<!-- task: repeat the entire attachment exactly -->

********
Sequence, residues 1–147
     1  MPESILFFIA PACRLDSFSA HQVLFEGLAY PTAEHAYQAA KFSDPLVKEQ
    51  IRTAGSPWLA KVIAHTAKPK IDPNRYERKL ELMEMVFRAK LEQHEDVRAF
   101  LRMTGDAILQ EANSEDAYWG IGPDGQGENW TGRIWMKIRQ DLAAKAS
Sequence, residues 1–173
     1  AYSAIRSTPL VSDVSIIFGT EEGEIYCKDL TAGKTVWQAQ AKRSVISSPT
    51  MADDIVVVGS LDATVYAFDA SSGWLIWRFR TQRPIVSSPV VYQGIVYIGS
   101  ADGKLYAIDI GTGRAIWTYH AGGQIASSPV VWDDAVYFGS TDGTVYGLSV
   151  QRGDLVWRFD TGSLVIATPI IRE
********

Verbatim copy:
Sequence, residues 1–147
     1  MPESILFFIA PACRLDSFSA HQVLFEGLAY PTAEHAYQAA KFSDPLVKEQ
    51  IRTAGSPWLA KVIAHTAKPK IDPNRYERKL ELMEMVFRAK LEQHEDVRAF
   101  LRMTGDAILQ EANSEDAYWG IGPDGQGENW TGRIWMKIRQ DLAAKAS
Sequence, residues 1–173
     1  AYSAIRSTPL VSDVSIIFGT EEGEIYCKDL TAGKTVWQAQ AKRSVISSPT
    51  MADDIVVVGS LDATVYAFDA SSGWLIWRFR TQRPIVSSPV VYQGIVYIGS
   101  ADGKLYAIDI GTGRAIWTYH AGGQIASSPV VWDDAVYFGS TDGTVYGLSV
   151  QRGDLVWRFD TGSLVIATPI IRE